Meru Networks CEO Ihab Abu-Hakima in October confirmed plans to leave the wireless networking specialist after seven years, saying he had achieved "personal and corporate goals" and that the time had come to transition to a new leader.
He was named CEO in January 2005, and there's no doubt that in those seven years Abu-Hakima helped turn Meru into a wireless player -- one with a modest, but fiercely loyal group of channel partners, and one that gets its share of industry mentions alongside established wireless leaders such as Cisco and Aruba and scrappy, channel-centric upstarts like Ruckus Wireless.
Meru's momentum in the past two years has been tricky to evaluate; it had a successful IPO in 2010, but the company's stock price has continued to flounder. But Meru has stayed aggressive, making across-the-board additions to its executive team, staking much of its channel growth on sales of its virtualized 802.11n wireless technology and making acquisitions such as the September 2011 pickup of access control specialist Identity Networks.
To hear Abu-Hakima tell it, the company is hitting its stride, with Apple's iPad and the bring-own-your-device, or BYOD, phenomenon validating Meru's vision of an all-wireless enterprise network edge. In an interview with CRN Senior Editor Chad Berndtson this month, Abu-Hakima weighed in on Meru's growth, his pending exit, and what aspects of wireless technology are ripe for innovation. Excerpts of the conversation follow:
Why are you leaving Meru Networks?
I joined the company seven years ago this month, and the goals that I set when I joined were the goals that I had set with the board. Take a company -- a startup that had developed an absolutely unique way of delivering what I considered a next-generation enterprise network or what the enterprise would operate day-to-day on -- and establish traction for it in the industry. Build the company to a point where it could become a public organization and have direction, traction and momentum.
I feel that I have achieved that. It's obviously a lot of work to take a company from a position of no momentum to one where we're deployed in 56 countries and with more than 6,000 customers. It's the right time for me.
You listed a few growth metrics there to talk about momentum, but which metrics are most important to you?
Meru, as a company, developed a unique approach -- an original approach, a completely different approach -- to how to deliver a network that, if you like, is all wireless, to support what we believed were the ways enterprises were going to be operating on a day-to-day basis, which is in a completely mobile environment.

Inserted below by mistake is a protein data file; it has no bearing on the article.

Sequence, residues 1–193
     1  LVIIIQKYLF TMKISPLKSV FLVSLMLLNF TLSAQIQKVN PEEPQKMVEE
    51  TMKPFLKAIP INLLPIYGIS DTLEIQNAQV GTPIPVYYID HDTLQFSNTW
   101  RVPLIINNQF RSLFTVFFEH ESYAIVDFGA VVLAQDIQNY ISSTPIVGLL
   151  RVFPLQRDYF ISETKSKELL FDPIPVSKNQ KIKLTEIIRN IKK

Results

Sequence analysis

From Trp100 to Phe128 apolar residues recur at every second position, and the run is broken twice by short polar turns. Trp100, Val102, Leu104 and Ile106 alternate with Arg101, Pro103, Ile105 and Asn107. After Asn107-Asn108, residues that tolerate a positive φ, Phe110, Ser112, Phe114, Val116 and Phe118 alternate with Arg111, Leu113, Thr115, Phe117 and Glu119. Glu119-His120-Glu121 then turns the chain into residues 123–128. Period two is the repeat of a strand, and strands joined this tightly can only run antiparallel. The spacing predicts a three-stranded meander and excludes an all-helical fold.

For me, the metrics included taking this vision, identifying early adopters -- the lighthouse accounts looking for a solution and validating that what we'd developed had a significant value proposition -- and then methodically and systematically expanding that footprint. So, for me, the metrics I would use include the establishment of a solid foundation of customers, a worldwide footprint, a footprint in all the different verticals you could think of, and ultimately becoming a public company with a successful IPO.
Are you happy with the performance of Meru's stock price since the IPO?
I am. When we went public, it was a very difficult time for the world economically. I think we were one of three or four tech companies that went public in 2010, and when we went public, one of the commitments we made to the Street was that we were a company that was profitable and that we would remain profitable for 2010. We've been profitable at a rate no other player in the networking industry here has been able to achieve. It was clear to us that this market was going to accelerate in terms of growth, and for us to accelerate in our growth we had to dramatically step up the investment in sales and marketing, engineering and other support organizations.
We made the public statement that we would do that in 2011 and we have executed on our three-year strategic plan to do exactly what we said we would do. We wanted to double our field organization, expand our channel partnerships and relationships and build a marketing engine -- a best-in-class marketing engine -- and focus on accelerating growth. The shift now is how do we accelerate helping our channel partners accelerate their own growth and become productive and profitable with Meru's products. I am pleased with where we are. The stock price will go up, and come down, but in the end it will reflect what we believe will be the end of the execution of our strategic plan. I am not concerned with the short-term status of the stock price.
And that plan explains the continued additions and changes to Meru's executive team, as well?
Yes, as a company evolves and grows, it's important to have the leaders on board who can help grow the company to that next level. We always believed we could take Meru public and grow this to be a substantial company. I wanted to bring on board a management team that knows what a $1 billion company looks like. We have a CMO, for example, who's been at global companies and knows what a $1 billion company looks like.
NEXT: Meru M&A Rumors Abound
How soon can Meru be a $1 billion company?
That's obviously not something I can answer directly. But let me say that as a core element of getting to that size, number one, you have to have the management team in place that can lead the company there, and number two, you have to have the right investments in the right places. The investment in our field organization and channel partner managers, and the investment in our channel partners themselves, with training, certification, co-marketing activities and the marketing engine we put in place, all of those are core drivers that will help us get there.
Can you update us on the CEO search?
It's a search that, as I've said publicly, is under way. Clearly the board is engaged in interviewing candidates. Beyond that, I can't really add much more information.
Another thing that keeps coming up with partners and in the industry is the M&A rumors around Meru. Are you looking to be acquired?
I've been hearing these rumors for seven years. I can assure you these rumors are always going to be around any company like this because that's just the nature of business in general, whether in the wireless industry, the storage industry, the cloud industry, it doesn't really matter. We hear this all the time. I'm not surprised to hear that and it doesn't affect us at all at this point.